America’s mind-boggling ute sales
IF UTE SALES ARE AT RECORD LEVELS IN NEW ZEALAND, ponder the sheer scale of the corresponding market in the United States.
On a sales per head of population basis, ute/pick-up sales here are ahead of the US, but because of the size of the American population, the sheer numbers of trucks sold there is massive.
In some parts of the country, notably Texas, pick-up trucks rule the sales charts.
In Texas the category is so important that the big three – Ford, General Motors (Chevrolet and GMC) and Fiat Chrysler (Ram) – go all out with deals and model launches around the annual Texas State fair. Just as we do around Fieldays.
But it’s the numbers of trucks leaving US dealers’ yards that boggle the mind. Ford, for instance, reportedly sells an average of 2452 F-series trucks a day, or 102 an hour.
Each 24 hours GM moves 1935 Chevy Silverados and GMC Sierras and Ram sales are around 1647 a day.
Ford’s F-series has been America’s best-selling pick-up for 40 years and the best-selling vehicle overall for 35 years.
Ford has sold 26 million F-series since 1977, and sold 820,799 trucks in 2016.
F-series sales are well up on last year’s, leading some US commentators to suggest that the Blue Oval’s aim of selling a million trucks in a year may be achievable.
The ute romance is in full bloom in Australia, too, where the Toyota Hilux is now the best-selling new vehicle overall, just as the Ford Ranger is here. And Ranger registrations are on the rise in Oz, too, as buyers migrate from cars and wagons.
Then there are the comments from Mercedes-benz Vans Australia and New Zealand managing director, Diane Tarr, after the German manufacturer unveiled its X-class ute in July.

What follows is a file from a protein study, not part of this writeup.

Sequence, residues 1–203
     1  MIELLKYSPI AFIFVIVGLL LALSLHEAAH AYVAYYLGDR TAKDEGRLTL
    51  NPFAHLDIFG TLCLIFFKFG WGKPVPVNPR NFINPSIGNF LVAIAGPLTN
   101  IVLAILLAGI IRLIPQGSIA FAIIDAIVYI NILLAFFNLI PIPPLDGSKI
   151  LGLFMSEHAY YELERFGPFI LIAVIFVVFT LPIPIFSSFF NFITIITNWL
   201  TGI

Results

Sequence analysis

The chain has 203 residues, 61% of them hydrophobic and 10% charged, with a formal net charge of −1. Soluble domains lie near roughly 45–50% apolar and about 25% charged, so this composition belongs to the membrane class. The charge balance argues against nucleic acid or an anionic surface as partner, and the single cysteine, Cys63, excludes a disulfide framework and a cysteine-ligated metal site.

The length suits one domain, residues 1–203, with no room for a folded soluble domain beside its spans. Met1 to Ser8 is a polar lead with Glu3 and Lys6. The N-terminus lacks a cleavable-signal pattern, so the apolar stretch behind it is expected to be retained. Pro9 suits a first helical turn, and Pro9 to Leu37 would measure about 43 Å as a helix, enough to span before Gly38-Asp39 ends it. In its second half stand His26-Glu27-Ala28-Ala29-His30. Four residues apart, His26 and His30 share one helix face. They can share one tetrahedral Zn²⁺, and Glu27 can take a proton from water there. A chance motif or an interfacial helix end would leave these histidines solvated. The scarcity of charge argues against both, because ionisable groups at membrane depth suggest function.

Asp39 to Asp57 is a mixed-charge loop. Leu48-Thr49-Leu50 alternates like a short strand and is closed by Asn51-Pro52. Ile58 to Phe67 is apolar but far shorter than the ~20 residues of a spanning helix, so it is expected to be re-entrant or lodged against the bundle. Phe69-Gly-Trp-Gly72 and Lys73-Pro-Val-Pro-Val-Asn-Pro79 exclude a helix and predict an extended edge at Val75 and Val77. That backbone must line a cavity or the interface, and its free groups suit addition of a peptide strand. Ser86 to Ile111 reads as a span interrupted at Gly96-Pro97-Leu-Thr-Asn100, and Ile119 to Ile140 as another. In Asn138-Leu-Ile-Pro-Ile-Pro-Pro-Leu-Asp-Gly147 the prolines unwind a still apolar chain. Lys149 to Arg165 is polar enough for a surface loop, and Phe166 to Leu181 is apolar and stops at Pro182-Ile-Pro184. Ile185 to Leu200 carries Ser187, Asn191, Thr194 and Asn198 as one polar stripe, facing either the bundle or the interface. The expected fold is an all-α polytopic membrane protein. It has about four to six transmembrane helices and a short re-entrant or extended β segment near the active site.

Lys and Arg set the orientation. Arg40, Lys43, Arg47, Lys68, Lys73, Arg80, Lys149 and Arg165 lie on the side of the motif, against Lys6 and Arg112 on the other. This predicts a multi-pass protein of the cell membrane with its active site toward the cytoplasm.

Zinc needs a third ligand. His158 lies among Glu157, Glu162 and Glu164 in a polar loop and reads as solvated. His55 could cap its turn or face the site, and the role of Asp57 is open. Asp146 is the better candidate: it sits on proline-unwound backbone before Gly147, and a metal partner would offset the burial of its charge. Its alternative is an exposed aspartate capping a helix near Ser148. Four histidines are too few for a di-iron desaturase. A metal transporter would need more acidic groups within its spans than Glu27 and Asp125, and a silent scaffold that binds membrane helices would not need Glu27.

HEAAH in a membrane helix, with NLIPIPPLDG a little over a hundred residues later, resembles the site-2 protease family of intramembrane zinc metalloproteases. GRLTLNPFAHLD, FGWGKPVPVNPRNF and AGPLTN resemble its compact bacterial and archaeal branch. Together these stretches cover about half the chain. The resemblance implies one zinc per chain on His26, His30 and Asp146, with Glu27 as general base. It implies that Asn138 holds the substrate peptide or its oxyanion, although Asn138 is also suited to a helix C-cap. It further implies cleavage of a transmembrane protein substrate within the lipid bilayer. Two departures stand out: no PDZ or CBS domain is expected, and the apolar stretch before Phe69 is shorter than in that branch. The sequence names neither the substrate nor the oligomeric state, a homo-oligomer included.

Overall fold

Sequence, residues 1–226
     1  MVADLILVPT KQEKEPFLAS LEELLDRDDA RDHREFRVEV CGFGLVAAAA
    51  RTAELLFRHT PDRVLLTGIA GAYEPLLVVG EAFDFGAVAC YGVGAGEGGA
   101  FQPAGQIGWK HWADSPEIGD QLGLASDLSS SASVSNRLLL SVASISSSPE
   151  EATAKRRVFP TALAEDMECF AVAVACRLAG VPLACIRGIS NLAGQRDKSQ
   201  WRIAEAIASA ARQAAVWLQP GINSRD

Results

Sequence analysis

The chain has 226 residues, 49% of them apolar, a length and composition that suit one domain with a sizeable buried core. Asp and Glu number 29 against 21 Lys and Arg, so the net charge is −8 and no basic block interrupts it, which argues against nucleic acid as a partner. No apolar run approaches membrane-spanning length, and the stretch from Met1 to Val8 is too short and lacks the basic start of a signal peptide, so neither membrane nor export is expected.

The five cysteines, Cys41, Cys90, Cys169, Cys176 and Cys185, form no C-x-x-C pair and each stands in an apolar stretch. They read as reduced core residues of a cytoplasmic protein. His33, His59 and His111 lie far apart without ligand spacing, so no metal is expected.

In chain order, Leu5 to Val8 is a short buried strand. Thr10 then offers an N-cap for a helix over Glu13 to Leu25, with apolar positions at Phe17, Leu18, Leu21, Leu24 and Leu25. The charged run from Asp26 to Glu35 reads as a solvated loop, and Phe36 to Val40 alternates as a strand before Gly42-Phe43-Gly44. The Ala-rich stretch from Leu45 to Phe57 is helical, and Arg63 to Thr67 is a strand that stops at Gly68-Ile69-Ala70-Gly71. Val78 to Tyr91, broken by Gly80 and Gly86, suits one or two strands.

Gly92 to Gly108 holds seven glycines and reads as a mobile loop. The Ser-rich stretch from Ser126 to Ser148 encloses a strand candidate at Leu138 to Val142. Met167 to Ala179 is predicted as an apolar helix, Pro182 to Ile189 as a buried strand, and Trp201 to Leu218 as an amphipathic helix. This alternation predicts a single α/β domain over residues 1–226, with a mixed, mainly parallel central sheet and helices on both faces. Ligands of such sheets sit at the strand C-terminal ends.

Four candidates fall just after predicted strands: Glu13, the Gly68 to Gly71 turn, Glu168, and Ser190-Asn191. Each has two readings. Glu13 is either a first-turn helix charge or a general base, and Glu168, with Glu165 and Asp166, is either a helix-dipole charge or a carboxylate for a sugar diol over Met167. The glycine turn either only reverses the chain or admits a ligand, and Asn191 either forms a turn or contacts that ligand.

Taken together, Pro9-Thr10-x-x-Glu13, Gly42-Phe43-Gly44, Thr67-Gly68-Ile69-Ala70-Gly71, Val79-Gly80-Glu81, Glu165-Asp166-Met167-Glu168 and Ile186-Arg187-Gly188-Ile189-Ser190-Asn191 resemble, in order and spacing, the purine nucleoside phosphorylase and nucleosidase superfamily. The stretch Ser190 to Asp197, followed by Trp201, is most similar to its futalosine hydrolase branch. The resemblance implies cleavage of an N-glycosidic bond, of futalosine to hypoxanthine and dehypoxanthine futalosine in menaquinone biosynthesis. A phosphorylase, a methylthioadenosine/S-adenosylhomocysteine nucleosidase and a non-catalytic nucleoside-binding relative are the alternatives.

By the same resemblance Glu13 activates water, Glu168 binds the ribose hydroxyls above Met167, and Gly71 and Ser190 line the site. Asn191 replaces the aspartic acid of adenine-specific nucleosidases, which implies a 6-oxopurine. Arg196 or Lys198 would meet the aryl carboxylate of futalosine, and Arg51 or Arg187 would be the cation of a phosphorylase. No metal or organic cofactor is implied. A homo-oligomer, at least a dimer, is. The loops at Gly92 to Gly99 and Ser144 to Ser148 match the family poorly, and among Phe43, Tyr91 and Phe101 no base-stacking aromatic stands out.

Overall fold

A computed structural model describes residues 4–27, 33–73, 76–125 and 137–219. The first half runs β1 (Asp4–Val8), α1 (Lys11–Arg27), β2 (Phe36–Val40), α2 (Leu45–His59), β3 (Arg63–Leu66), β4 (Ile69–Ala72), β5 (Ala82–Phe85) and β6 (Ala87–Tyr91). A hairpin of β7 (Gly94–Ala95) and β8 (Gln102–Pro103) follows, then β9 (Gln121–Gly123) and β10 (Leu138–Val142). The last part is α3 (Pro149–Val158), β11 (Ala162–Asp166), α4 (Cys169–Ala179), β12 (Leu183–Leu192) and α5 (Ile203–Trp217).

Tarr says the high level of interest from potential customers reflects “just how ingrained dual cab utes are in both the Australian and New Zealand culture.
“The fact is we love utes and we’re showing a desire to incorporate this type of vehicle into our lives in more ways than we did in the past. Not just for work, but also increasingly for private use.” Who’d have thought that even five years ago? SUVS now command more than 40 percent of the New Zealand new vehicle market according to the Motor Industry Association which represents vehicle distributors.
Our Aussie cousins share the same fascination. We’re not 100 percent sure why Holden went so far off the wall with its media release on its forthcoming Us-sourced Equinox and Acadia SUVS, but it goes like this:
“New-born babies may be cute but Australians don’t love them as much as they love their SUVS.
“In 2016, Australia said hello to a new baby every one minute and 41 seconds, but it said hello to a new SUV every one minute and 10 seconds, such is the surging popularity of the SUV market.”
Then it slipped into more serious mode, saying that in Oz, SUVS have for the first time ever, outsold passenger cars.
“This hasn’t always been the case, however. In 2006 there were just 171,000 SUVS sold in Australia, representing a meagre 20 percent of the Australian new car market.
“Fast forward 10 years to 2016 and that number has almost tripled to 441,000 SUV sales, or a staggering almost 40 percent of the total market.” Which means? We’re outdoing our ANZAC mates yet again. But, being fair-minded, we’ll let Holden Australia have the last word “SUVS are more popular than ever and the segment just keeps on growing,” says Holden spin doctor, Sean Poppitt.
“Where once SUVS were seen as just the typical ‘soccer mum’ car, or for outback off-road adventures only, that’s no longer the case. Aussies love their SUVS…”
And so do we.
Holden’s new Us-sourced Equinox SUV – coming our way soon.